Page:Essays on the Chinese Language (1889).djvu/122

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Origin and Early History of the Language.

there is a continuous change in language it is not in the power of any man either to produce or prevent it. We might think as well of changing the laws which control the circulation of our blood, or of adding an inch to our height, as of altering the laws of speech, or inventing new words according to our own pleasure. As man is the lord of nature only if he knows her laws and submits to them, the poet and philosopher become the lords of language only if they know its laws and obey them.[1]

Chinese opinions differ as to what is the first articulate sound made by the human baby. Some tell us that it is huang-huang, but this is only an a priori theory. To each of the five elements a certain sound is assigned. Thus water has a ssŭ sound, and that of metal is huang (鍠). Now in man's constitution the element metal is represented by his voice, and hence an infant, as soon as it can, cries huang-huang.[2] But other native writers tell us that the first sound uttered by a human being is a or ya. Hence the letter called a is said to be rightly placed at the head of Western alphabets, and some even go so far as to declare that in every sound uttered by man's opened mouth there is an a element. It is considered, however, that a sounds are natural to male, and ei or i sounds to female infants, and that the distinction continues in after years. This, according to the Chinese, is the spontaneous result of the human constitution. Our forefathers seem to have had similar notions about the distinctions made by male and female babies in their first utterances, though they accounted for the fact of the distinction in a different manner. In an old poem—Hampole's "Pricke of Conscience"—we read that a child as soon as born begins to "goule and cry." The author says that by the cry may be known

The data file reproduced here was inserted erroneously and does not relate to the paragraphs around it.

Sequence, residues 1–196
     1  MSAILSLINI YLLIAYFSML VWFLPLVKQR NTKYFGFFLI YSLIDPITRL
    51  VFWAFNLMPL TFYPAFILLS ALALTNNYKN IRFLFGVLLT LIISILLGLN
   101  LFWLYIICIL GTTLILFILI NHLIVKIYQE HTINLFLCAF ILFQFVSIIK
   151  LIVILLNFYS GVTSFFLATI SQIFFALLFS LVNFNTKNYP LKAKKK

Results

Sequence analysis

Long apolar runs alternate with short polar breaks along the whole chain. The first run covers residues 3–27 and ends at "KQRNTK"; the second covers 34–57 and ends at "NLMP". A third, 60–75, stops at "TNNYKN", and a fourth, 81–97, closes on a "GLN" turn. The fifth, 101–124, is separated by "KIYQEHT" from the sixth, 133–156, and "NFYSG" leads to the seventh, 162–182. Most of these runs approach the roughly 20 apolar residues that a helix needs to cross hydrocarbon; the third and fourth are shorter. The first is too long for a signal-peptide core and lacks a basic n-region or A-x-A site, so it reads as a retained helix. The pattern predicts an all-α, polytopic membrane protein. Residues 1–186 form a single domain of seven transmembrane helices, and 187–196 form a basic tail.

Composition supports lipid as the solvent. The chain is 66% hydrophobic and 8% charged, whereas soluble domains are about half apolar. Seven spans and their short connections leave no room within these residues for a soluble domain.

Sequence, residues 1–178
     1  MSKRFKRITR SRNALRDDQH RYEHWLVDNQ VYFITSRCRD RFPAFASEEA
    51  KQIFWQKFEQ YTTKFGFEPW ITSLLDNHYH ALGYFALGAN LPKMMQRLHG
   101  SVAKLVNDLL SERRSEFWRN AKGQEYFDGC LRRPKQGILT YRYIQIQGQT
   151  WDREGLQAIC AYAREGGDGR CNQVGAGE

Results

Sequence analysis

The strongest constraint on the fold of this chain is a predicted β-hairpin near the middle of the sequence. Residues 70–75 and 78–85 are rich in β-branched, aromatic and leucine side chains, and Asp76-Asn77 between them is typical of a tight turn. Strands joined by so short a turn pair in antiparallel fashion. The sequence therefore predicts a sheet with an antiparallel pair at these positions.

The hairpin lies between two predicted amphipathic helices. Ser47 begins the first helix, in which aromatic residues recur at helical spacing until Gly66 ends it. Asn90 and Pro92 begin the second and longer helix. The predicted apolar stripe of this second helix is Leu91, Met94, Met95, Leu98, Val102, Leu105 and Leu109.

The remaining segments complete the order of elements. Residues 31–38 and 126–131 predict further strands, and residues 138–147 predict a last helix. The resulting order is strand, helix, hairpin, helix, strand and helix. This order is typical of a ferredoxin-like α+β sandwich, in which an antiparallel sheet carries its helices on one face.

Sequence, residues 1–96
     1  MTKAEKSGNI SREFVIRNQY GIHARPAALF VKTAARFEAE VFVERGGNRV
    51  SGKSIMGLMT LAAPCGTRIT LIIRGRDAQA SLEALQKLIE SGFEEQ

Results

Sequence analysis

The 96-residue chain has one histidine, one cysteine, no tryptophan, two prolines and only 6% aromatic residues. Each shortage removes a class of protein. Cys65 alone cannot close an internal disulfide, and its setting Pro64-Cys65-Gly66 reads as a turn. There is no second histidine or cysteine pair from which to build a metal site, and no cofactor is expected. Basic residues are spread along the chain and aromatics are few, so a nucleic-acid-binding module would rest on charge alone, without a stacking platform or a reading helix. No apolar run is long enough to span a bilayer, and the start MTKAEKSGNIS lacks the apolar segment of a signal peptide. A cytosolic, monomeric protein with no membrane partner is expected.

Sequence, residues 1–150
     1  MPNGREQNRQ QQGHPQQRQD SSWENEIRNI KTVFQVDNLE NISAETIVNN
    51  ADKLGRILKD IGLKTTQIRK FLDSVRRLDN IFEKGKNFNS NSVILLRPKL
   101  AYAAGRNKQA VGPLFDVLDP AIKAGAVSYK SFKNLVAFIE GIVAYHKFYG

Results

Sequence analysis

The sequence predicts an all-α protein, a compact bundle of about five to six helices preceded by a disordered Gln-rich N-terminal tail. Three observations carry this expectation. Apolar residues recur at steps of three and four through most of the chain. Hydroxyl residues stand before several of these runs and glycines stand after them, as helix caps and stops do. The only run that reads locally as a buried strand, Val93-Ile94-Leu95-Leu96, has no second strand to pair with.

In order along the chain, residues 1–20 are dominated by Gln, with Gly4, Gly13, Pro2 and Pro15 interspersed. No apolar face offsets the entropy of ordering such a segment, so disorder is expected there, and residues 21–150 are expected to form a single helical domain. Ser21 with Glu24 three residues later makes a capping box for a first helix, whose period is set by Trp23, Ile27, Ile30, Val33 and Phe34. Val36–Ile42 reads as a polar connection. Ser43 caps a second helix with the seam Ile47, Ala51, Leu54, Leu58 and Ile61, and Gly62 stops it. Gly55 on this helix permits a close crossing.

"Whether it be man or weman,
For when it es born it cryes swa;
If it be man, it says 'a, a',
That the first letter es of the nam
Of our forme-fader Adam.

  1. 李氏音鑑, chap. i.; 庭訓格言, p. 50; "Lectures on the Science of Language," vol. i., p. 40 (9th ed.) With Professor Müller's teaching compare the criticism on it by Professor Whitney in his "Language and the Study of Language," Lecture ii.
  2. See, e.g., the 唱道眞言, chap. ii. The character is also writen 喤 with the same sounds as 鍠.